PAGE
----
THE WORLD'S FAIR EXPRESS
This article is a condensed version of a fascinating story written by John Spafford, one of the participants in this adventure. The complete story can be found at the Wakeman Archival Center. John Spafford recently passed away and his obit is on this website and on Facebook.
In mid-June 1933, three new Waterville High School graduates, Gale Buerk, Ralph Emerson “Bill” Waffle, and Johnny Spafford, were discussing how they should spend their summer. The senior class had gone to the Chicago World’s Fair by train; Gale suggested that they go back to Chicago to see more exhibits. It wouldn’t cost much if they had a car because they could pitch a tent in South Chicago and ride the streetcar to and from the Fair.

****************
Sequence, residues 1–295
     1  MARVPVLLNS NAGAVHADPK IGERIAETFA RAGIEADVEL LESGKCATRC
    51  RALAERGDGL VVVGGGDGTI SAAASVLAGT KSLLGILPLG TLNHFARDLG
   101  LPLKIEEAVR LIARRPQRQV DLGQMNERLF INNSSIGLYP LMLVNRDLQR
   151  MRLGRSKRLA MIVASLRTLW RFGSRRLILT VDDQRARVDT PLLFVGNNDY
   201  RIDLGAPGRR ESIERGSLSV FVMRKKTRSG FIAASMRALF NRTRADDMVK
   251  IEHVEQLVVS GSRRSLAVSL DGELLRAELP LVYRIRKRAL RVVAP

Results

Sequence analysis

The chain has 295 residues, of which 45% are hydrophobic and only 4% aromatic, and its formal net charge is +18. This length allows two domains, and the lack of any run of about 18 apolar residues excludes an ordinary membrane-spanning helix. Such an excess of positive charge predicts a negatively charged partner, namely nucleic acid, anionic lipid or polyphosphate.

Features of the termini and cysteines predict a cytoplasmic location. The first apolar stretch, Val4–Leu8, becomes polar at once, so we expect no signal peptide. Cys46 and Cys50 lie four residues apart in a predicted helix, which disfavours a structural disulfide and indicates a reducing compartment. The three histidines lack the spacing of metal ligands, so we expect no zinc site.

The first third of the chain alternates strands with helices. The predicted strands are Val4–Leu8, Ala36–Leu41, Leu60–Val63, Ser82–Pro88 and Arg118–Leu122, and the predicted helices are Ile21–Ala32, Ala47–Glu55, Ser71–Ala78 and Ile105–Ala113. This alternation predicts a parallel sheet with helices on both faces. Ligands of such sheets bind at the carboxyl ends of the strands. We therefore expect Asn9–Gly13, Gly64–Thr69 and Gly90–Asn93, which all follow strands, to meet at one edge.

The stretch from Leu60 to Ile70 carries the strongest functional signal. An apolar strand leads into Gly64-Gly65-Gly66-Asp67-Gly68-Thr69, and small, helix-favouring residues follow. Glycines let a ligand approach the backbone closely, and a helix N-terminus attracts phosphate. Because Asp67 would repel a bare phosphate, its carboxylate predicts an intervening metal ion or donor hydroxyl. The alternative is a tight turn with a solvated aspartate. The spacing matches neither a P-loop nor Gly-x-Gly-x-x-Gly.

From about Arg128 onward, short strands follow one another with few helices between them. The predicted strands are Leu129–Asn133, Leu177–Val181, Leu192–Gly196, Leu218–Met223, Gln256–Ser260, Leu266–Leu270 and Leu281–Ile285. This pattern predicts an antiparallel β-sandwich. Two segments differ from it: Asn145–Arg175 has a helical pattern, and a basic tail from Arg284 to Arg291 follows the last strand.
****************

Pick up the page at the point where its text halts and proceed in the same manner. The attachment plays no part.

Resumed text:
Who did they know who had a car they could use? Gale knew that Old Man Boston had a Model T on blocks in his barn. He also had seen a Model T chassis with wheels in the junk pile behind Graf’s garage. Then Gale squatted down under the bench in his father’s shop and found a Model T Ford engine with the transmission as well as a radiator and two front tires hanging in the shop. Johnny said his Uncle Frank Lyon, a respected mechanic, had told him that most of the Model T parts from 1922 through 1927 were interchangeable. The boys decided they would keep the parts at Johnny’s home. Although all of them had work to do, they decided they could work on the car in the evening. A few days later the three boys visited Earnest Graf, who was well-known as a mechanic and a sharp dealer in the automotive business. In the end of the conversation, Ol’ Ernie made a deal: The boys could have the chassis if they would load Ernie’s truck with all the other pieces and leave the area neat. Deep in the pile they discovered a drive shaft which Ernie said would fit the rear end of their chassis, but he charged them two dollars. At the same time he gave the boys six inner tubes of unknown condition. As they were about to leave, Ernie came back with a tube repair kit that cost them another sixty-nine cents. Besides the parts Gale found in his father’s plumbing shop, Johnny discovered parts in the family corncrib, Bill got a fourth tire from Old Man Boston, and various items were found at the Toledo scrapyard for which they paid sixteen dollars. Uncle Frank also gave them many pieces, and, most important to the boys, a manual for the car. Ol’ Ernie came one day to see how the boys were doing. Johnny told him they needed a fan belt and some gas before starting up. After looking the car over, he reminded them they needed oil and water, too. When Ol’ Ernie left, he told them he would set aside a fan belt for them, and he would mark it off to public relations. A fourth boy, Freddie Bellner, had joined the venture in early summer. He was an outgoing, fun loving boy who was working for Uncle Roy in the farm next door. During the latter part of July, Uncle Frank’s family had Sunday dinner with Johnny’s family. The highlight of the day was after dinner when Uncle Frank revved the engine of the Model T and drove down the driveway. After driving around, it was decided that the four bearings should be adjusted. Then they needed gasket material, finally using a flour bag to cut out a new paper gasket. Eventually the job was done and dramatically improved the Ford’s performance. A license was procured with Johnny declaring their vehicle was a touring car because they were going to tour the World’s Fair.